PRODUCTION. Ha salido el número 016 de MAS Context.
[Chicago] MAS Context, 16 / Production. Winter 2012.
metalocus, JOSÉ JUAN BARBA
Mas Context presenta su número de invierno "Production", la decimosexta salida de su publicación trimestral. Los colaboradores de este número son James Black, Anthony Burrill, Edward Burtynsky, Andrew Clark, Jason Fried, Iker Gil, Jonn Herschend, Glenn Hinman, Arnold Horween III, Cody Hudson, Rod Hunting, Chad Kouri, Andreas E.G. Larsson, Julia Luke, MCA's Teen Creative Agency, Jake Nickell, Prelinger Archives, Nina Rappaport, Deborah Richmond, Michael Salvatore, y David Sieren quien es además el fotógrafo invitado para realizar la portada.
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Last year, we collaborated with architect John Szot for our Aberration issue, and this winter we have the pleasure to team up with The Post Family for our issue on Production. The Post Family, a Chicago-based collective formed in 2007 by seven artists and designers, came together in support of each other’s passions as well as the larger design community in Chicago. Their space serves as gallery, letterpress and printing studio, experimental music venue and creative incubator. Earlier this year, they organized “Manual Labor,” an exhibition focusing on the renewed interest in skill trades in our modern marketplace. It was a celebration of the handcraft and physical labor that continues to inspire us. With their obvious love for making things, it seemed a perfect opportunity to collaborate on this issue.
We enjoyed many conversations and gatherings, during which an innumerable number of possible contributors, themes and formats were discussed and considered. The process uncovered many directions, which was both exciting and daunting, if intended to address the topic in a comprehensive and complete way.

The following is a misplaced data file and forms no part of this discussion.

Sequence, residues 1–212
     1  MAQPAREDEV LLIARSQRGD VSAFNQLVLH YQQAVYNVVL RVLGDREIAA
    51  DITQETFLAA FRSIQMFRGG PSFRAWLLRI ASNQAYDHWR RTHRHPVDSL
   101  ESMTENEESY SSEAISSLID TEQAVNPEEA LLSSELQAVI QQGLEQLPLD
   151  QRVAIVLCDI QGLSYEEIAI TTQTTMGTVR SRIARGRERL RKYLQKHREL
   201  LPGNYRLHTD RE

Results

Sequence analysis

We finally narrowed our approach to Production to two specific areas: the impact of production in our cities and built environment, and a focus on several companies we love, with a specific emphasis in those operating in Chicago. We are completely aware that this is just a tiny portion of all the possible ways in which the topic of Production could be explored. Many other areas of interest and current initiatives related to the topic brought up during our conversations had to finally be left out of the issue. I am sure in a future issue we will revisit several of the aspects uncovered during our collaboration.
The impact of Production in our built environment is explored through the words and photographs of Nina Rappaport, Deborah Richmond and Edward Burtynsky. They take us through the history and role of factories in our cities, the landscape created by the distribution of goods, and the impact that manufacturing, consumption and recycling have on our landscape.